Body/Head — The Switch
Kim Gordon is not the kind of artist to rest on her laurels. After the dissolution of Sonic Youth, the singer/bass player has thrown herself into a variety of different project, the most interesting however is a musical collaboration with Bill Nace, they’ve dubbed Body/Head. The duo’s latest album is an intense collection of experimental guitar tracks that recalls the vibe of the ’70s rock group Suicide.
Ty Segall And White Fence — Joy
Ty Segall makes new albums at the same, intense rate of speed as your favorite Soundcloud rapper. It seems like every few months or so, there’s a new project from this San Francisco guitarist for his fans to enjoy. His latest is a collaboration — half the work makes for a faster release schedule, I see you Ty — with White Fence titled Joy. Don’t let the 15 song track list intimidate you, this is a lean, mean, but expressive 30-minute release featuring some stellar hooks and off-kilter gems like the “Rock Flute” interlude.
Meg Meyers — Take Me To The Disco
Meg Meyers, an Angeleno by way of Tennessee has made one of the fiercest new records of 2018 with her second album Take Me To The Disco. As its title suggests, there are thick layers of pop sheen that gloss over many of the songs here, but make no mistake the posture, the attitude is pure rock and roll. Take the single “Numb” a bombastic swell of sound, rage-filled guitars flood the choruses and consume the slow simmer that permeates through the verses. It’s classic Nirvana, loud-quiet-loud territory, and I’m certainly here for it.
Beach Rats — Wasted Time
It might be a stretch to tag Beach Rats with the infamous “supergroup” label, but you can’t deny the pedigree that the different members bring to the table. Brian Baker of Minor Threat and Bad Religion, Ari Katz of Lifetime, and Pete Steinkopf and Brian Kienlen of Bouncing Souls. Not too shabby. The music itself is as brash and emotive as you’d expect, propelled by warp-speed drums, savage guitars, and caterwauling vocals. “Lonely For The Night” is a f*cking anthem.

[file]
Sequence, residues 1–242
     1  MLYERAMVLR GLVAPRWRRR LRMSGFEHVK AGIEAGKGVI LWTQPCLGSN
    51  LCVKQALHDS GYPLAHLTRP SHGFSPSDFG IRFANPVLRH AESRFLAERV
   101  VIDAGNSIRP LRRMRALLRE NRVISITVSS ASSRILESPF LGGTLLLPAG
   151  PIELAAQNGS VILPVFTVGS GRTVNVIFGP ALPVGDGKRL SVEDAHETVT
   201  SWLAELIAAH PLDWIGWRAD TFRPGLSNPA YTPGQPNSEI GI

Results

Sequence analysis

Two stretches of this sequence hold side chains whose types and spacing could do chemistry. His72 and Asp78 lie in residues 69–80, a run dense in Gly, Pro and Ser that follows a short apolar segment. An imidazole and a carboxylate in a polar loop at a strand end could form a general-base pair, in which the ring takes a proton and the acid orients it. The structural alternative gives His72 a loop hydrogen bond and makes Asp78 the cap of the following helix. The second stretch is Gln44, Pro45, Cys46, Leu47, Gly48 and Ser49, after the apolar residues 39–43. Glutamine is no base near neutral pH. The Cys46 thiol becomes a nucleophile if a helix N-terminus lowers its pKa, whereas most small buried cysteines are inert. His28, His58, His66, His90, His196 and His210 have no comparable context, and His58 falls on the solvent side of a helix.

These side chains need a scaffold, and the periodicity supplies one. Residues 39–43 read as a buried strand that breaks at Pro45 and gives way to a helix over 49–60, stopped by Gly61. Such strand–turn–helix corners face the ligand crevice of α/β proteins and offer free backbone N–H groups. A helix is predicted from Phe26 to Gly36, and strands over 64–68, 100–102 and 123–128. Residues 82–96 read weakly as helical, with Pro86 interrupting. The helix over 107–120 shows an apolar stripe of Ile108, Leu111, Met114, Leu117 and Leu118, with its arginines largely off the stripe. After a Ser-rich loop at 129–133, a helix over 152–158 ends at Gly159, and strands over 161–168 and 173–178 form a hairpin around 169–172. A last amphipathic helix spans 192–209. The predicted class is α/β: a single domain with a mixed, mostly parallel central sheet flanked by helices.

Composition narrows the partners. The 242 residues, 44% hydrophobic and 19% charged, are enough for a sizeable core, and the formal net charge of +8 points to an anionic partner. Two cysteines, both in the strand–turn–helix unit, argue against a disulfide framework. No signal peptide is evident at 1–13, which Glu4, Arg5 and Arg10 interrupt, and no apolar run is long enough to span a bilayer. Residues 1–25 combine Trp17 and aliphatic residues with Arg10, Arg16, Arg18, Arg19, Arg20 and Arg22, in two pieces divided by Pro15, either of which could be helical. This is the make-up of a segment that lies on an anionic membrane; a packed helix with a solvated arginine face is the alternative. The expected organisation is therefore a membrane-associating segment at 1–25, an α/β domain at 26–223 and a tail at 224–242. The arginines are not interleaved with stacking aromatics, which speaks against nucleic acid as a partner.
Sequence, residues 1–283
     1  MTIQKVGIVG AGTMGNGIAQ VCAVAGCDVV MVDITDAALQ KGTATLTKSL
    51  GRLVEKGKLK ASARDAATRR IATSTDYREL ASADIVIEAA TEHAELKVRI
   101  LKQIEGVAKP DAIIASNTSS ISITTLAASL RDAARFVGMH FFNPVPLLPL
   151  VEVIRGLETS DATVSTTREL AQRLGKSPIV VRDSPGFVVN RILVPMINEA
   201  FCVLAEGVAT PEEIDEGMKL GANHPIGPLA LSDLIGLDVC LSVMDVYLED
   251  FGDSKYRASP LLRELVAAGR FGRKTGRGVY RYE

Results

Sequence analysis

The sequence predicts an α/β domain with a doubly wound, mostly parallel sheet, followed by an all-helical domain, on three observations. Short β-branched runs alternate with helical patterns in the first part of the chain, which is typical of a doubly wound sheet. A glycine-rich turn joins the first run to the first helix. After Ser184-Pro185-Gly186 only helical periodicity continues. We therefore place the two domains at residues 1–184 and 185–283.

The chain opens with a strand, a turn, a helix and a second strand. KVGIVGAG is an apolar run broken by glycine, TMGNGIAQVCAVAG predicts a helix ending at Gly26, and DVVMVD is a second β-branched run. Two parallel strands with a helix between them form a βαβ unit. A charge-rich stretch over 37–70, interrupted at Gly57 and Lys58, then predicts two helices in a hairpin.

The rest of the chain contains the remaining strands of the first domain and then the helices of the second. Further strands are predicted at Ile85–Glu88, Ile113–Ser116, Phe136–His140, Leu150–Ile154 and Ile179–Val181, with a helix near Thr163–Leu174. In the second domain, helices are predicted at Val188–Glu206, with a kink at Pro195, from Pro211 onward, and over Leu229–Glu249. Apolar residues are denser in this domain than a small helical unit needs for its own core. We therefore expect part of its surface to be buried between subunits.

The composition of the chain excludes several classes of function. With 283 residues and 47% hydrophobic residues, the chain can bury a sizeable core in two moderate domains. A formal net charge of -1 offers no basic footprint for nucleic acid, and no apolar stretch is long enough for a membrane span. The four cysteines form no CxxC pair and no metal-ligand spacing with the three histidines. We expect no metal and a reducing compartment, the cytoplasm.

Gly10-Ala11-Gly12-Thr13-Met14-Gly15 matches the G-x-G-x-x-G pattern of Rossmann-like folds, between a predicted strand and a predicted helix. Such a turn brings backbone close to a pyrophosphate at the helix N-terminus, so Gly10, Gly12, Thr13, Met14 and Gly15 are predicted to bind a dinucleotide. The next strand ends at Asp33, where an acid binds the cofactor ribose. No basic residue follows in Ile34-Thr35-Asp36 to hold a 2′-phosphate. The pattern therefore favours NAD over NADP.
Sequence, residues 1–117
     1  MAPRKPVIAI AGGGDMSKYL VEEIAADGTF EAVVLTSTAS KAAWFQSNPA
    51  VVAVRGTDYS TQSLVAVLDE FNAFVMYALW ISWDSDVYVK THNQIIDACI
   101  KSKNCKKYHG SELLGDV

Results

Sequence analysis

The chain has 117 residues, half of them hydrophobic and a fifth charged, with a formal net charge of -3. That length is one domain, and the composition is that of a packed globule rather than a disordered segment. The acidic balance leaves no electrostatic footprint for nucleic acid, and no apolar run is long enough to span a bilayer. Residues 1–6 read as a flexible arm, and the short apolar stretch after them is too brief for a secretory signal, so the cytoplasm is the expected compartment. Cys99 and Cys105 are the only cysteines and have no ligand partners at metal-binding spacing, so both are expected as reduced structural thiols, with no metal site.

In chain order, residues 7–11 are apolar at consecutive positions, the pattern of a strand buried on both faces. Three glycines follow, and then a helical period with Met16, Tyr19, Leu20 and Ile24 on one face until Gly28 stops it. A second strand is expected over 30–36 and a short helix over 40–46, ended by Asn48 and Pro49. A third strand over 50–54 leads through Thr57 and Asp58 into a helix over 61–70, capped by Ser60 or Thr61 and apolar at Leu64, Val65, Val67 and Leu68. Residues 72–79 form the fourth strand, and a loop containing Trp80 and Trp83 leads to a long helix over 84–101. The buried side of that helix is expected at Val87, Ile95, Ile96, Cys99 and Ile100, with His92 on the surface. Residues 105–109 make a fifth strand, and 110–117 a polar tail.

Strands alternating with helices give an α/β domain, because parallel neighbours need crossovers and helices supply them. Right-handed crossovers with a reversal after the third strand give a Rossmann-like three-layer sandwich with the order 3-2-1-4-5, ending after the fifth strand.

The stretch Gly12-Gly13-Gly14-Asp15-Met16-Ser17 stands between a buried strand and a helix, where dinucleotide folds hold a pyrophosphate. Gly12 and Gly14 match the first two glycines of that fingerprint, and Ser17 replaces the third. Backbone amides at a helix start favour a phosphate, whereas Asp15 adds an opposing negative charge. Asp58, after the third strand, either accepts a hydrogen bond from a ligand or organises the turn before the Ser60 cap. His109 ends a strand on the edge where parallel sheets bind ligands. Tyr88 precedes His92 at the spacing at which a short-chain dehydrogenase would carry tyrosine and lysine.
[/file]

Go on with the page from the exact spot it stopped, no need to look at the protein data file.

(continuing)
Deaf Wish — Lithium Zion
Recently, I had the chance to talk to Courtney Barnett about the rise of vital rock bands throughout Australia, but especially in and around her home base of Melbourne. One of the names we overlooked was punk rockers Deaf Wish, who today rolled out their second album for Sub Pop Records titled Lithium Zion. For those who’ve been following along over the last few years, or were turned on with their last record Pain, the new album carries everything you’ve come to expect from this group: incredible energy, ripping guitars, and a whole lot of attitude. Highly recommend checking out “FFS” first and then diving in whole hog.
The National — Boxer: Live In Brussels
For many, The National peaked with the release of their 2007 album Boxer. I personally disagree with that stance — Trouble Will Find Me is superior in every way — but the devotion to that prior release amongst the band’s fans is total. To celebrate its 10th anniversary, the group decided to perform Boxer in its entirety during a gig in Brussels last year. The resulting record is a raw and intense rehash of some of the most beloved songs in all of indie-rock.